Eye Movements, Vision, and the Vestibulo-Ocular Reflexes

Alessandro Serra, Karim Salame, Ke Liao and R. John Leigh

in Oxford Textbook of Vertigo and Imbalance

Published on behalf of Oxford University Press

Published in print February 2013 | ISBN: 9780199608997
Published online February 2013 | e-ISBN: 9780191754227 | DOI:

Series: Oxford Textbooks in Clinical Neurology

Eye Movements, Vision, and the Vestibulo-Ocular Reflexes

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The vestibulo-ocular reflexes (VORs) evolved to optimize vision during locomotion, which causes high-frequency angular and linear perturbations of the head. Visual processing is slow (latency > 70 ms) but the angular VOR is prompt (latency < 15 ms) and can compensate for rotational head perturbations, thereby sustaining a clear and stable view of the environment. Loss of the angular VOR, which depends on the labyrinthine semicircular canals, causes excessive motion of images on the retina during locomotion, leading to blurred vision and the illusion of motion of the environment (oscillopsia). A range of clinical disorders impair the angular VOR, of which an important preventable entity is the toxic effect of aminoglycoside antibiotics. The linear VOR, which depends on the otolithic organs, does not compensate for head translations by holding the line of sight on the object of regard; rather, it acts to minimize retinal image slip of both near and far components of the visual environment, so that motion parallax can be optimized during locomotion. Impairment of the linear VOR has been demonstrated in a number of neurological disorders including progressive supranuclear palsy (PSP) and cerebellar ataxia; affected patients often also have impaired otolith-spinal reflexes, leading to falls. Whereas the angular VOR is readily accessible to bedside tests, such as the head impulse test, at present, the linear VOR is more reliably evaluated in the laboratory using moving platforms. Development of clinical tests for the linear VOR requires consideration of the visual demands for which this reflex evolved.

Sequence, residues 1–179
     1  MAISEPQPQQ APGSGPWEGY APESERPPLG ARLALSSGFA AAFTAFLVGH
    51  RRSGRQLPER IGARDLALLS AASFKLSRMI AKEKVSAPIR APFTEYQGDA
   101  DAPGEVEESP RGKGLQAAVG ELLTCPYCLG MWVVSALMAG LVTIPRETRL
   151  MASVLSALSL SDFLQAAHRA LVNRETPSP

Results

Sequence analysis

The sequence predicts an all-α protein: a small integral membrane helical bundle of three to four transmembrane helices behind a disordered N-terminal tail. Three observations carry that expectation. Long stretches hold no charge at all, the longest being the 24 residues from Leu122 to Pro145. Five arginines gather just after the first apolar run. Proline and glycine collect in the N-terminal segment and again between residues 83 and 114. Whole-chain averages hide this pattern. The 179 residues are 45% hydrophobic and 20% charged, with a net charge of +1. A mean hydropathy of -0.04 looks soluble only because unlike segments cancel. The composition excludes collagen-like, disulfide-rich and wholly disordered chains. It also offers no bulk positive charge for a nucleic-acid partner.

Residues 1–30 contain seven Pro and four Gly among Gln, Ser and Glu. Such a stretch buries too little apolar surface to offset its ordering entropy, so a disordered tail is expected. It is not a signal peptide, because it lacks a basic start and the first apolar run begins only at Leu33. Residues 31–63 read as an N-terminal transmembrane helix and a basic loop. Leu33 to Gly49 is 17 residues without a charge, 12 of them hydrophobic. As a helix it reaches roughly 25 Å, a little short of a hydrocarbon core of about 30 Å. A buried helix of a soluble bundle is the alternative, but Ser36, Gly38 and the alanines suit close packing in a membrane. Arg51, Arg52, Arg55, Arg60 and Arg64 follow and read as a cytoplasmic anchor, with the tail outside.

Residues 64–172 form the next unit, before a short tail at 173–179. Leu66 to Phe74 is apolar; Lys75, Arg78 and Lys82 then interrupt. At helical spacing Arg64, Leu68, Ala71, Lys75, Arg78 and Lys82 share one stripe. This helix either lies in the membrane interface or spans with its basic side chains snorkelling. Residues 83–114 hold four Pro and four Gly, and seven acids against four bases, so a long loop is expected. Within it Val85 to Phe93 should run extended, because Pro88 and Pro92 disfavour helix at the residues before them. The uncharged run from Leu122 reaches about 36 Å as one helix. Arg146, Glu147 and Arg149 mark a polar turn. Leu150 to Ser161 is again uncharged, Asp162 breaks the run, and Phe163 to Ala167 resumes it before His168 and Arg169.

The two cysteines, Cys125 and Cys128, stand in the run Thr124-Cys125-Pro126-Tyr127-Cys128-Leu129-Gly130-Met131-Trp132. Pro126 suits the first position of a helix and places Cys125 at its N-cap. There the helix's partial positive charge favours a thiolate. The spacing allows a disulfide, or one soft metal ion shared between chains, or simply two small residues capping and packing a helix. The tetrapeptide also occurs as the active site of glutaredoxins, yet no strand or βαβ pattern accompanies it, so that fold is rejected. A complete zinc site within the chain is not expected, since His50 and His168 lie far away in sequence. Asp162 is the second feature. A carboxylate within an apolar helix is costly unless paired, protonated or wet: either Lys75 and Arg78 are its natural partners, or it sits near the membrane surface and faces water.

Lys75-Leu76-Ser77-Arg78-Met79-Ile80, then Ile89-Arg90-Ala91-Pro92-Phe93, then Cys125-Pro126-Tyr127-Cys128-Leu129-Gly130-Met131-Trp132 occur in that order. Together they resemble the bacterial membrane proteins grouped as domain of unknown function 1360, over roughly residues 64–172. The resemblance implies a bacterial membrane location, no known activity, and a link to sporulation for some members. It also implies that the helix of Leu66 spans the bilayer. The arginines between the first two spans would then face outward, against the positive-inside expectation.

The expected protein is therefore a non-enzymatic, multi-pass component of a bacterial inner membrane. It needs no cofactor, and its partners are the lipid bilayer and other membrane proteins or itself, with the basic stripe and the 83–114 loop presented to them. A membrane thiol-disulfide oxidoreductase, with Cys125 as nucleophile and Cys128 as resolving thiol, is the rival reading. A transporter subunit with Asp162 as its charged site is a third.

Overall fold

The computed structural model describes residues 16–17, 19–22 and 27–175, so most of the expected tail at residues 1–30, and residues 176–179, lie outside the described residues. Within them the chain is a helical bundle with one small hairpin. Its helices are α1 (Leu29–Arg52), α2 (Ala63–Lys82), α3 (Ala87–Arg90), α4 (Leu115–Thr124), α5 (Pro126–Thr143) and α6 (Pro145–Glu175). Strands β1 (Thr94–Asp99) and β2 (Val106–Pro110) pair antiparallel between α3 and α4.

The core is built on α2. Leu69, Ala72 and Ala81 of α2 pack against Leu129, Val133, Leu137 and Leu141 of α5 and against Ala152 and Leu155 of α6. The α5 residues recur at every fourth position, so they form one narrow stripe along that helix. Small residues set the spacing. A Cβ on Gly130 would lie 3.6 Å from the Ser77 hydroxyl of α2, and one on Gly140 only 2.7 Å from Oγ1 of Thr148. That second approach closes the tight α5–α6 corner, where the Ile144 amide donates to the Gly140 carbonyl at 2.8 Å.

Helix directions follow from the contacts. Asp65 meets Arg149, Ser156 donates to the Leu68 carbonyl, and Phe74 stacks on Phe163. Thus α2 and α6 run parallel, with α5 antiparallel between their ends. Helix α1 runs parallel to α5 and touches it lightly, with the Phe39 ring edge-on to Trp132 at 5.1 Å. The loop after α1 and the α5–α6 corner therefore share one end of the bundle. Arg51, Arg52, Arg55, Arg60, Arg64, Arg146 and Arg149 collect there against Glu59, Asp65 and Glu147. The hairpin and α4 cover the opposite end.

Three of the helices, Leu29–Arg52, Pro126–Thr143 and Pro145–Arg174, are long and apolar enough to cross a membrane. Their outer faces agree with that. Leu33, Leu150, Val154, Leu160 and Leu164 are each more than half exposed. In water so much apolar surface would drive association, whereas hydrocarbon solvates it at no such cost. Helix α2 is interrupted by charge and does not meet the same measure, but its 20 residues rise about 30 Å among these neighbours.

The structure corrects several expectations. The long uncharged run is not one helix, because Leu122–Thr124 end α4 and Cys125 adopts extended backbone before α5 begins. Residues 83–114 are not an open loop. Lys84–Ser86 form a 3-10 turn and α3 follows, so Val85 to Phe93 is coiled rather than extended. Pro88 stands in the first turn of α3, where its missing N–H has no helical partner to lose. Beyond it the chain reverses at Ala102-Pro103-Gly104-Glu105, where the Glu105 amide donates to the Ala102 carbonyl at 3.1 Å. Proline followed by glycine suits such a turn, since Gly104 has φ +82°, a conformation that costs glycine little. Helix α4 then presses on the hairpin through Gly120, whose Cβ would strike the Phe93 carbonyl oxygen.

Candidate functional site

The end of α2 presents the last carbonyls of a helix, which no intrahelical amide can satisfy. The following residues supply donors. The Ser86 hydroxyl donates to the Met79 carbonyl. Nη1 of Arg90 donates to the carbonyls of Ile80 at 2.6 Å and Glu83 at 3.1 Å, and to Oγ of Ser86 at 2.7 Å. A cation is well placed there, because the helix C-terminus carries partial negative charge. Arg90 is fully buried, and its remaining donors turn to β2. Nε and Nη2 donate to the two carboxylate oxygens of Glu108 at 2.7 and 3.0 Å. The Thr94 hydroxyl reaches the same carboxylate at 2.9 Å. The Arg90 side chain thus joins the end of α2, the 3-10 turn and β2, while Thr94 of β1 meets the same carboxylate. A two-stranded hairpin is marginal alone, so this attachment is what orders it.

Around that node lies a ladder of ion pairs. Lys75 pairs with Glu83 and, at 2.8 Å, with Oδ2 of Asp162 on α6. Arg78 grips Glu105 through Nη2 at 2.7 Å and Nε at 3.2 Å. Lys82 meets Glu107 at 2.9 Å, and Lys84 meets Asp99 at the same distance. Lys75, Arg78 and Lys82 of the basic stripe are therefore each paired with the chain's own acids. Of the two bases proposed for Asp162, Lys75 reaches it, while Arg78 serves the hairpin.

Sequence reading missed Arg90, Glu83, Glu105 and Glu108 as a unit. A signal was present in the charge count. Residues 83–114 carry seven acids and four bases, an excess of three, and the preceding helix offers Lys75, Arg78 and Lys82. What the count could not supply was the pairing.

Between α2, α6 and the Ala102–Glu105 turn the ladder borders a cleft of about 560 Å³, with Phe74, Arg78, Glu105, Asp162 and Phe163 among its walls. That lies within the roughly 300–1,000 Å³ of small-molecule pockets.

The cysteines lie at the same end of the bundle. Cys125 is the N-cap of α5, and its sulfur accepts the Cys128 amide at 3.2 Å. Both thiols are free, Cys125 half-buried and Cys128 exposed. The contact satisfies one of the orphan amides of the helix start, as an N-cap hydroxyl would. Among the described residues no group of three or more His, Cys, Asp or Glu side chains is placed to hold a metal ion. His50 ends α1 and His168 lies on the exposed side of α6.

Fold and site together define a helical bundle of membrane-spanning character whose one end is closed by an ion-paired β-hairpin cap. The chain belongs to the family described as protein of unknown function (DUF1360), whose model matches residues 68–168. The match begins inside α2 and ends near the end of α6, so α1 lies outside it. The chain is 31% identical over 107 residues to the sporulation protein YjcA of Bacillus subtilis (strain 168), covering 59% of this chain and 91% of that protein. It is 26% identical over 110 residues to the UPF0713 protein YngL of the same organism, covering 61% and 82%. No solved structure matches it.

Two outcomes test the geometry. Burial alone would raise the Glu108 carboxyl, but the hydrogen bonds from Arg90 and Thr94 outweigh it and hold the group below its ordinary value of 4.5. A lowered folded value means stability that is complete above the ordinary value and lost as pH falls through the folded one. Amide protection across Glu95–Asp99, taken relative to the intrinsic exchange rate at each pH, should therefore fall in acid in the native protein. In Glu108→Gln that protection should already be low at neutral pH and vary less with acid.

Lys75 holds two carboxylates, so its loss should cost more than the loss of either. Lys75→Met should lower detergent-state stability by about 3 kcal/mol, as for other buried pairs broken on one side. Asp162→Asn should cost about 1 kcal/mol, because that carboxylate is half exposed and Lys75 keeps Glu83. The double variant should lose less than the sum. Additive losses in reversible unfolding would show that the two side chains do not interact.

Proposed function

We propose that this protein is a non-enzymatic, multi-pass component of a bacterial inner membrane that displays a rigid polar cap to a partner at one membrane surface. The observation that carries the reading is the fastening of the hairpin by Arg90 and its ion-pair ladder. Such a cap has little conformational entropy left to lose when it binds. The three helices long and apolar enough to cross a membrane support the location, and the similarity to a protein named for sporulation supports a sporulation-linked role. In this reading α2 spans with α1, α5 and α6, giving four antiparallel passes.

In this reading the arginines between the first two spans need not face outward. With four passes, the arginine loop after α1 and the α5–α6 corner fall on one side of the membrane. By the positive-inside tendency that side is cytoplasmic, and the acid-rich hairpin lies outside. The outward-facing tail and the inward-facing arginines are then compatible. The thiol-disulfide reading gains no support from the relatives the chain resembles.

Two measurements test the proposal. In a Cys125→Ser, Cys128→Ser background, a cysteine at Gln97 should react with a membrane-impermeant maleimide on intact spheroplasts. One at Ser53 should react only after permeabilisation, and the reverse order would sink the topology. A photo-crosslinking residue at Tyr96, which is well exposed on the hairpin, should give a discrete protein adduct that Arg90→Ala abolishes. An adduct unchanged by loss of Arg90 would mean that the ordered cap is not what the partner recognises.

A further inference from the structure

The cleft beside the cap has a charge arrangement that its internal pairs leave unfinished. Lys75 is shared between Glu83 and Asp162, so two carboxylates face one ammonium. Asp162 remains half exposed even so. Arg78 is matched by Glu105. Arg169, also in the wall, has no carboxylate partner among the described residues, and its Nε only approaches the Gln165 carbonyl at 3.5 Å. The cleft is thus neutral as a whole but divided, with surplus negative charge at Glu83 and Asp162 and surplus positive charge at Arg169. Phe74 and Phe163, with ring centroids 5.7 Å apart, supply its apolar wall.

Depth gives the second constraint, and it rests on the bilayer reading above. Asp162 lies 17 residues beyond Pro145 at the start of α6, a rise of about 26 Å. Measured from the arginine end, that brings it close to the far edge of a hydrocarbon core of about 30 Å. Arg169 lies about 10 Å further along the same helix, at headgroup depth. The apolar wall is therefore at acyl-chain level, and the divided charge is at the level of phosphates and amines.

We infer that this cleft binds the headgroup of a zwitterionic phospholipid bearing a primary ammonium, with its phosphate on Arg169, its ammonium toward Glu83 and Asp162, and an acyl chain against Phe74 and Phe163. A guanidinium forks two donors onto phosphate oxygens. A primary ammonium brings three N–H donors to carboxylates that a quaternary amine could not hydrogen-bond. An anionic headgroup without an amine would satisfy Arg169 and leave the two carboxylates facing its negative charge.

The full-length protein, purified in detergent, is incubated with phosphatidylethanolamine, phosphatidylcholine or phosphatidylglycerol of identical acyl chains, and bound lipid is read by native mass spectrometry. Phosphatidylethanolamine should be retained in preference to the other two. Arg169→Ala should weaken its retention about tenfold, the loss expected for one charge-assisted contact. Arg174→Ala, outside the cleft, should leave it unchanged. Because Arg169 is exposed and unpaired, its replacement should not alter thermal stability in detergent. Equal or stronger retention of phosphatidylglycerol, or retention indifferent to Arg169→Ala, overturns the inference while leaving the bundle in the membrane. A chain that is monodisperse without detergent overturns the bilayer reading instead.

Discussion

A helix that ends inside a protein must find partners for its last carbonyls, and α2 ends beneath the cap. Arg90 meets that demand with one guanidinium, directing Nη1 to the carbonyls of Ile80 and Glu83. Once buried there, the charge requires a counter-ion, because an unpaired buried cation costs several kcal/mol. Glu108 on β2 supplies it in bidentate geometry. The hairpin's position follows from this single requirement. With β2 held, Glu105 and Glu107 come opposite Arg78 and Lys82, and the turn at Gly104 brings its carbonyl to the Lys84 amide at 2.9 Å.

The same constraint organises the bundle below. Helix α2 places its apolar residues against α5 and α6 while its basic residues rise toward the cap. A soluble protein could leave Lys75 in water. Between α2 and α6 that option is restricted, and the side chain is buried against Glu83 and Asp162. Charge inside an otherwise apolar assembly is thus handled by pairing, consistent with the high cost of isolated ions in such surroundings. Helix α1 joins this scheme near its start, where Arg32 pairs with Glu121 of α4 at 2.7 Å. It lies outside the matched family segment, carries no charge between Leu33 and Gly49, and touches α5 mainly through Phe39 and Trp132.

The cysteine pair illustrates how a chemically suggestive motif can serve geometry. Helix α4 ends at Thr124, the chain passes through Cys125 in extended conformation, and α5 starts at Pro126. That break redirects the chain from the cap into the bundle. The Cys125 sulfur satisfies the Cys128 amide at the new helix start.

Chapter.  5285 words.  Illustrated.

Subjects: Neurology

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